Engineered Protein Blocks Cancer Growth and Regenerates Neurons

June 17, 2020 | Biotechnology

Reading time: 1-2 minutes

Fresh from Genetic Engineering and Biotechnology News (GEN), here is a noteworthy Biotech article for you:

Ligands are protein molecules that transmit signals in between or within the cells. They exert their effects by binding to cellular proteins called receptors. After binding to the ligand, the receptor can then send additional signals to other parts of the cell to regulate our biological processes. However, if those messages get garbled, it can make us ill with a set of different diseases.

Now a team led by Jennifer Cochran, PhD, professor of bioengineering and Shriram chair of the department of bioengineering at Stanford University, has altered one ligand that produced two dramatically different results. One set of alterations regenerated neuron cells, while the other alteration to the same protein inhibited lung tumor growth.

Their results are published in the Proceedings of the National Academy of Sciences and performed in mice that model actual diseases. These results give hope to eventually treating neurodegenerative diseases as well as cancers.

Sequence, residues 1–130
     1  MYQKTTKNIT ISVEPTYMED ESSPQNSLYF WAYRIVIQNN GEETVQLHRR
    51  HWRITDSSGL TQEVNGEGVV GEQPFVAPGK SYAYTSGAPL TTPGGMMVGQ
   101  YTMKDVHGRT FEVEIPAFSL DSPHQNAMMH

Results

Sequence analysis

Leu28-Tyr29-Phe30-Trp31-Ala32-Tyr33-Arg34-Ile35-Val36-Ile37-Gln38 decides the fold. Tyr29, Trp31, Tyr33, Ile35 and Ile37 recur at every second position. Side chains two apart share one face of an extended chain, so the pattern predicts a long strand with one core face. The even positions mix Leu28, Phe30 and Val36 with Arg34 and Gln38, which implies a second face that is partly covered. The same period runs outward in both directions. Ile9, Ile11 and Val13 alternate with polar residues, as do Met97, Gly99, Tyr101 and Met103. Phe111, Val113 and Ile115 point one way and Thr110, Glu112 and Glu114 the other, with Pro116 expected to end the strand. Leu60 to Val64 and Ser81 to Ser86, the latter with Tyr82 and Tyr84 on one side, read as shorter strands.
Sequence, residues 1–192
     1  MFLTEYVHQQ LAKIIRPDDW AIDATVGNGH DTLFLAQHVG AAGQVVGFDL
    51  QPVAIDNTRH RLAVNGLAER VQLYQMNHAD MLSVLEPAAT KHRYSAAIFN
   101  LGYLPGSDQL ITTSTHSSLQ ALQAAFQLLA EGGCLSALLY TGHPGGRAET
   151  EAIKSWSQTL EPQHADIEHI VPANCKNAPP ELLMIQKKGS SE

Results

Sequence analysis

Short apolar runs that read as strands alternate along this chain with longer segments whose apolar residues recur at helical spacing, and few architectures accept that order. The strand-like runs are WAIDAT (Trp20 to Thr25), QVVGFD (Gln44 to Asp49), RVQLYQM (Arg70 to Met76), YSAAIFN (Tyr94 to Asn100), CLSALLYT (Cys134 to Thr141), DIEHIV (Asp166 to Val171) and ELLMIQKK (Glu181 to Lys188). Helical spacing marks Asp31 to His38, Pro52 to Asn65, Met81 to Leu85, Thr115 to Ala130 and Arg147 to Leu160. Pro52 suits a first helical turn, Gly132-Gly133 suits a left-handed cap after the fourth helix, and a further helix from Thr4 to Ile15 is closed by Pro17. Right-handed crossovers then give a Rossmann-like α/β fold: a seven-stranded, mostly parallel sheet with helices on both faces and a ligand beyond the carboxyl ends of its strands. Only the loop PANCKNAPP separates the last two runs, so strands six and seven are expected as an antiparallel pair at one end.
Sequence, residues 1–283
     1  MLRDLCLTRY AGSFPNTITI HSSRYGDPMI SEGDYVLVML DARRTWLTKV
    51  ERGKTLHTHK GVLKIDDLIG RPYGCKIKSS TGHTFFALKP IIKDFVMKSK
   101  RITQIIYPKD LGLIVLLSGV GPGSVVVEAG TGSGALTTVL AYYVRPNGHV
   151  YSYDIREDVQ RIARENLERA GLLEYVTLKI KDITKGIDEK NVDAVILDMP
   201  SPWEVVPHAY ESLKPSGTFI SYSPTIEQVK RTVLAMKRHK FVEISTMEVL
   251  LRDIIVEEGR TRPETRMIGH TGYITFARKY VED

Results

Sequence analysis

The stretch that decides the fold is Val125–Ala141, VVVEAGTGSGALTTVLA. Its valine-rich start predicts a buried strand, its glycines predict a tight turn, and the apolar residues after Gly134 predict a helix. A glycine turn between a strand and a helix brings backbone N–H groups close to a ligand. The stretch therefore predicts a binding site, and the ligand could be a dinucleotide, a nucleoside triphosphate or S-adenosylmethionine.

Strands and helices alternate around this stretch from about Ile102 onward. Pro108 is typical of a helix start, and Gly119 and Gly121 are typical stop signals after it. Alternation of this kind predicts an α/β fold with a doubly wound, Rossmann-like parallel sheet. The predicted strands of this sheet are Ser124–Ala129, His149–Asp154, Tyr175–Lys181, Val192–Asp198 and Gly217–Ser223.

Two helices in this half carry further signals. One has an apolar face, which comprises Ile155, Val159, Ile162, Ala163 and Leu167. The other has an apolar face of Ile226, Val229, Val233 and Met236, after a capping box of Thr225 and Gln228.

A specific ligand will have a specific receptor that typically binds only that ligand like a lock and key. Researchers can change the lineup of amino acids in a ligand, essentially making millions of keys that they screen to see which might unlock its matching receptor. A key that fits better and trips the lock more efficiently is called a superagonist. Bioengineering may also be used to turn ligands into antagonists—keys that also fit the receptor lock, but in a way that blocks the signal.

“I have long been fascinated with how proteins function as nature’s molecular machines, and how the tools of engineering allow us to shape protein structure and function with the creativity of an artist, in this case using amino acids as our palette,” Cochran explained.

In 2019, Cochran teamed up with Alejandro Sweet-Cordero, MD, associate professor of pediatrics, University of California, San Francisco, where they slowed the spread... You can find the entire article in the Genetic Engineering and Biotechnology News (GEN) Blog.

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